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Hello to the hamsters - John C. Kirk — LiveJournal

Dec. 3rd, 2007

12:53 am - Hello to the hamsters

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From:shuripentu
Date:December 5th, 2007 04:11 am (UTC)
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However, I think that he showed restraint; given that hamsters can crack open nuts with their teeth, I'm guessing that he could have left dents in my bone, but he didn't even break the skin. In other words, he just wanted to send a message of "Oi, watch it!" rather than actually trying to hurt me.
I seriously doubt a dwarf hamster would be able to do any damage to your bones in a single bite. Whilst small rodents can and do gnaw their way through hard objects like nuts, it generally takes them a considerable amount of time and effort. Their teeth are very sharp, so they can ultimately gnaw through harder objects than we can, but their jaws are still fairly weak. (I'm not sure a dwarf hamster's jaws are even large enough to get sufficient purchase on something as large as a human had to do any more than surface damage.) Rodents grind things rather than chomp on them, and that's why it's safe for them to have cooked chicken bones, but not e.g. cats and dogs.

Rodents do recognise a difference between a nip and a bite: the former is a social thing, warning the other individual off; the latter is an instinctive reaction to fear or stress. Whether or not it's a sign of intelligence depends on your definition of "intelligence"; it certainly indicates a basic ability to relate socially to other creatures.

I'm using a Savic "Mickey Max" cage, which has 5mm gaps between the bars; since they're dwarf hamsters, they might be able to squeeze through a 1cm gap.
The Mickey Max actually has a 6.5mm bar spacing, not 5mm, so it's slightly more than the most paranoid of the cage recommendations. Still, it should be sufficiently narrow for Roborovskis: I suspect they would only fit through those bars if they were appropriately flattened and therefore dead. :p

I haven't yet had a reply from the person who appears to be keeping dwarf hamsters in regular hamster cages, but someone else I know who used to have dwarves reckons that 1cm bars would be inadviseable, especially as Roborovskis are the smallest of the dwarf hamster species.

Still, it's nice to see that sibling behaviour doesn't change much between species.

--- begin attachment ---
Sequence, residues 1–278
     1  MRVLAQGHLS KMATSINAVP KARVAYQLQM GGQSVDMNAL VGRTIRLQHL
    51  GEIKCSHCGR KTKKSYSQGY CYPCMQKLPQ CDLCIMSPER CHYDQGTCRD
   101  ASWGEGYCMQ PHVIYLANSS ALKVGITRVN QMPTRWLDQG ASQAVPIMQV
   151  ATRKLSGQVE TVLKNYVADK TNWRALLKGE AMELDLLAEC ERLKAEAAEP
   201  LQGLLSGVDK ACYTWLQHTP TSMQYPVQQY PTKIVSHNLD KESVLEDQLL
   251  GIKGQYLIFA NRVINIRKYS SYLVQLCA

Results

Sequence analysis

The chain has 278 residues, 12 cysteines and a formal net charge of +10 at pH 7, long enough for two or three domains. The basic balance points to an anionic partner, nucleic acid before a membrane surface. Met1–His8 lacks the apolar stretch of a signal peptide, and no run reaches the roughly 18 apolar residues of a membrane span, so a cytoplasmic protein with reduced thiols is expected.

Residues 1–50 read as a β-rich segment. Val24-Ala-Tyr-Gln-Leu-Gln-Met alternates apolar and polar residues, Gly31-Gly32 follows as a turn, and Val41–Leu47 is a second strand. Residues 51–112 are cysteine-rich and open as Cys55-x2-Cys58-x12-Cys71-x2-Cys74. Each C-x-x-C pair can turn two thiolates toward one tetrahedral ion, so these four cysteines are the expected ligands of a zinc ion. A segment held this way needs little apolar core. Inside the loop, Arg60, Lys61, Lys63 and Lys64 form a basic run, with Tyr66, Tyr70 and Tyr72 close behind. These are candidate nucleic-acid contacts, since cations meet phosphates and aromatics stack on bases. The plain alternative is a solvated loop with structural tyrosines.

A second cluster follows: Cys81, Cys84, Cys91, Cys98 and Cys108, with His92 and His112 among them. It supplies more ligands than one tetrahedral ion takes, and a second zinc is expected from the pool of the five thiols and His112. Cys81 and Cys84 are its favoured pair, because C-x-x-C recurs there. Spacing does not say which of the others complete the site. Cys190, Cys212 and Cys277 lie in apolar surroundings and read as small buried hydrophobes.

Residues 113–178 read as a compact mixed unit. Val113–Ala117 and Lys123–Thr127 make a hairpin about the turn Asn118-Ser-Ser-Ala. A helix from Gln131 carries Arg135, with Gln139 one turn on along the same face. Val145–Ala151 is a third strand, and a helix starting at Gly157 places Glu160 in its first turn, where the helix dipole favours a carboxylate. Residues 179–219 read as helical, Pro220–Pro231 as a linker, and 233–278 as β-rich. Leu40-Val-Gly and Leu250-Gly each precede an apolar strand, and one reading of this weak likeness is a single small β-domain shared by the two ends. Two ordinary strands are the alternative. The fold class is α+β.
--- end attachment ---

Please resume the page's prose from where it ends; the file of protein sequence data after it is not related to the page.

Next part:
My spinies will attempt to steal food off each other even when there's a full food bowl with more of the same food right next to them.

However, I noticed that the hamsters sometimes put their legs between the bars when they were walking around, and we were concerned about injury, so we put down some newspaper to cover it.
I reckon it's as much about comfort as it is about safety: trying to walk on a surface that you keep falling through can't be much fun. If you notice them having any such trouble with the ladder, it might be an idea to weave some cardboard through it as well, just so they can run up it at a decent speed. If they don't pee much, you'll probably only have to replace it every cage clean.

The side effect of this is that if one of them stops then she gets spun around and then flung off; I've seen them do a complete loop that way. At first I thought that they were just a bit dense, and hadn't realised that they need to slow down gradually, but I now wonder whether it's deliberate (like a kid jumping off a swing at the high point).
Again, this is something my spinies do as well, and I seriously doubt they do it for fun. When they've been catapulted particularly badly, they look visibly shaken and run off somewhere to hide. I think they're just rather slow at linking cause and effect: Charm's managed to mostly work it out now, since she's an avid wheel runner and has had plenty of practice, but Strange still thuds out of the wheel on a regular basis, almost certainly because she runs less often and has therefore had an insufficient number of bad experiences to realise that stopping suddenly in the wheel is a stupid thing to do.

Edited at 2007-12-05 04:12 am (UTC)
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From:shuripentu
Date:December 5th, 2007 04:13 am (UTC)
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I think I may have a solution to both the water bottle and the wheel problems. (The yellow clip on the wheel is supposed to be able to turn all th way so that it's perpendicular to the cage bars, but due to the narrowness of the bars, it can only turn slightly before it starts forcing the bars open. I guess Savic couldn't be bothered to make some customised accessories to go with the unusually narrow bars of this cage.) It may require the purchasing of a wheel stand, but I'll have to check the height of the stand first.

If we can sort the water bottle so it doesn't have to rest on the platform anymore, you could consider placing something hard and rough immediately beneath the water bottle so that the hamsters have to walk on a rough surface in order to get a drink. That's a common method to ensure that small animals keep their nails trim of their own accord, which prevents having to trim the nails yourself, which is particularly difficult (if not impossible) with creatures this small and this skittish.
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From:johnckirk
Date:December 5th, 2007 11:25 am (UTC)
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I seriously doubt a dwarf hamster would be able to do any damage to your bones in a single bite.

Just to clarify, the hamster I looked after at school was a "normal" Syrian one, not a dwarf.
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